Words by: Chadbyrne R. Dickens :: By: Images by: Karina Rykman
Mountain Jam :: 05.31.12-06.03.12 :: Hunter Mountain :: Hunter, NY
Full photo gallery below review!
“First, there is a mountain…then there is no mountain…then there is” – Donovan (1967)
|Mountain Jam by Karina Rykman|
Donovan's song, rooted in Zen philosophy, sets forth the idea that pre-enlightenment, we simply see a mountain. In the enlightenment process, the mountain recedes into an intimate illusion. After one is fully enlightened, the mountain’s substance reemerges along with the truth of the world seen even more clearly than before. Decades after the song was written, the lyrics represent an experience for many at Hunter Mountain in the Catskill Mountains of Upstate New York. Thousands flock in the quest for a musical respite from their daily lives, to escape with the aid of beautiful melodies among the endless green hills and trees with like-minded kind summer folk at a ski resort located barely two hours from New York City and only 20 minutes from Woodstock, the musical hotbed of Upstate New York.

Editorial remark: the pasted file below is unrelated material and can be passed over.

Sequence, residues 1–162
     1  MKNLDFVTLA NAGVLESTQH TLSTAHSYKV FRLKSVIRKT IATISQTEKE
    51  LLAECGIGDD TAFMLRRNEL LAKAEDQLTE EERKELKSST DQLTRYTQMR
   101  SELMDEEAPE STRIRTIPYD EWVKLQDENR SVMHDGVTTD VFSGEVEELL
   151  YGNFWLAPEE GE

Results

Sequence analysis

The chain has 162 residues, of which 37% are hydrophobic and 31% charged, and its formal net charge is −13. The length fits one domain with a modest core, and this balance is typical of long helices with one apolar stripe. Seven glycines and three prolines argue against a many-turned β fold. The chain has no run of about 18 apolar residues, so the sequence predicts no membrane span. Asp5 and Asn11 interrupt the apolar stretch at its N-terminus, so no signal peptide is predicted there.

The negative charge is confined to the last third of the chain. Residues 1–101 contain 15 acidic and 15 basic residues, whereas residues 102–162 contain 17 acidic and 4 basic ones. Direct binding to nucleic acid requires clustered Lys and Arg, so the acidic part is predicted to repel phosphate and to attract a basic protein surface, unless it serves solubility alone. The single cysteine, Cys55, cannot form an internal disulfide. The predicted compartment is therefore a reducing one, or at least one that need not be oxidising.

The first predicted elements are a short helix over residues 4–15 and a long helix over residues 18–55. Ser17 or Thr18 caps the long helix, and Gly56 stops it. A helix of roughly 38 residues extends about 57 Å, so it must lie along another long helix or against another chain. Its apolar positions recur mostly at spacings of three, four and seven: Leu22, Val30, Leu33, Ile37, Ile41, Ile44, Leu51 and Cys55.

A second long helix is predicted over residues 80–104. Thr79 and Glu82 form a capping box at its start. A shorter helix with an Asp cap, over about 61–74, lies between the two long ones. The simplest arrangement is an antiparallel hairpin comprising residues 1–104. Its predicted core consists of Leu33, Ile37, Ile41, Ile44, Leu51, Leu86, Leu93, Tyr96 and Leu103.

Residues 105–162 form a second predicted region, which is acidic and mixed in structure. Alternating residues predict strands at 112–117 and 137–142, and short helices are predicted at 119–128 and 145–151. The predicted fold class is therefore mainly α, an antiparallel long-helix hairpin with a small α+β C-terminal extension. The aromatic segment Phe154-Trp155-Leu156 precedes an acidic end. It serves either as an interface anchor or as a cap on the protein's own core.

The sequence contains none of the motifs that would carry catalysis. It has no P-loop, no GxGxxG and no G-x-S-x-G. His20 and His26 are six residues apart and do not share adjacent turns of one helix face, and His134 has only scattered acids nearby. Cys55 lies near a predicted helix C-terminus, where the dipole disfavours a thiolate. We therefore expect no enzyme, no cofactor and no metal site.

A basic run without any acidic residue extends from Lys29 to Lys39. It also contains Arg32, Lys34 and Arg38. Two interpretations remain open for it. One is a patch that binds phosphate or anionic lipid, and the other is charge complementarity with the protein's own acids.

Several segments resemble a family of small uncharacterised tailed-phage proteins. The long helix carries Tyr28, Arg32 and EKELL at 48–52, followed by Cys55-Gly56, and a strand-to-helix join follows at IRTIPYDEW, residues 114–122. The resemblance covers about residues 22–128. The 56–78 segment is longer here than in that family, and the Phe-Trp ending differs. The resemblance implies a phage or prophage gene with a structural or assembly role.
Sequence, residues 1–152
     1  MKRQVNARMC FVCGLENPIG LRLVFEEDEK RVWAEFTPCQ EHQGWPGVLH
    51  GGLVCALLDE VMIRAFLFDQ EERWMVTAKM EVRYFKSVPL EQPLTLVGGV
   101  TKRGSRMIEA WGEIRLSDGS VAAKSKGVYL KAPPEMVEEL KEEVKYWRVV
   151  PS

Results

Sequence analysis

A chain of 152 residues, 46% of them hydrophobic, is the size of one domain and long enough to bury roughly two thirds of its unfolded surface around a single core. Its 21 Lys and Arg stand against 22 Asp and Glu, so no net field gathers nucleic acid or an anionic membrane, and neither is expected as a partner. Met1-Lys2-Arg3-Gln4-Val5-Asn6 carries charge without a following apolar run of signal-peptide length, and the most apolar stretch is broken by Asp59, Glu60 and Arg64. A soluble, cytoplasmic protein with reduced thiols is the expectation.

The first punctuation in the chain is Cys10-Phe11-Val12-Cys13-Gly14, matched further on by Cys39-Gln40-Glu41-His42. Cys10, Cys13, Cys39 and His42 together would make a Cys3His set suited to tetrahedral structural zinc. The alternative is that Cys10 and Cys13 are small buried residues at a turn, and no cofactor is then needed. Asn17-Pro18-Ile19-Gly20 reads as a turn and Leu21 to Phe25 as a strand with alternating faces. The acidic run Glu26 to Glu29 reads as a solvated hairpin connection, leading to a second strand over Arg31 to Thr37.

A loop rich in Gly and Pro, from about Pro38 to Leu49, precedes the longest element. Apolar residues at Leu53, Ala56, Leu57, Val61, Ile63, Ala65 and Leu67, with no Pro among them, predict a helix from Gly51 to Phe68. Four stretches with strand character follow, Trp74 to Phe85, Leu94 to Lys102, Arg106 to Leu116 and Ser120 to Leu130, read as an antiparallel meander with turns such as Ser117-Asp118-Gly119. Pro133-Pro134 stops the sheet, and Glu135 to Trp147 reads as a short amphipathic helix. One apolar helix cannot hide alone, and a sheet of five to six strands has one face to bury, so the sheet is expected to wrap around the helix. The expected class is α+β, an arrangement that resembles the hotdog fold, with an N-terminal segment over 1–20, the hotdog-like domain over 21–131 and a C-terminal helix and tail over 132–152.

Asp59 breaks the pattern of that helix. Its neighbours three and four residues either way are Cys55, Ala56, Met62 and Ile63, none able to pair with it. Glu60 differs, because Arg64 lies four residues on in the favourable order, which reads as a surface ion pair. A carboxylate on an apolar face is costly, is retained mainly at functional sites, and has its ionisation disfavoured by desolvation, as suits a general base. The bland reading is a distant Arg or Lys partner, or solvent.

Mountain Jam was originally the brainchild of Woodstock classic rock radio station, WDST for a one-day event in 2006 to celebrate the 25th anniversary of the station. Mountain Jam got its name from the Donovan song, which the Allman Brothers have been playing for decades in an instrumental jam version of “There is a Mountain” called “Mountain Jam”. The Allman Brothers guitarist and Mountain Jam co-founder, Warren Haynes and his band Gov't Mule are the only band to perform at each Jam, now entering its 8th successful season. With Haynes on the bill as co-founder, it is not surprising that Mr. Haynes sat in with multiple artists. If you love Warren’s work, he being ranked #23 in Rolling Stone’s Greatest Guitarists, you get your money’s worth at this gathering. If not, you may joke, “Is there anyone Warren doesn’t play with?” It’s like a relationship: one is fonder of another when there is some scarcity. One may also not appreciate the van on the premises with a huge painted portrait of Haynes holding his guitar advertising his most recent album. One can’t imagine Garcia promoting in this manner. However, Haynes and his cohorts know how to throw one heck of a party.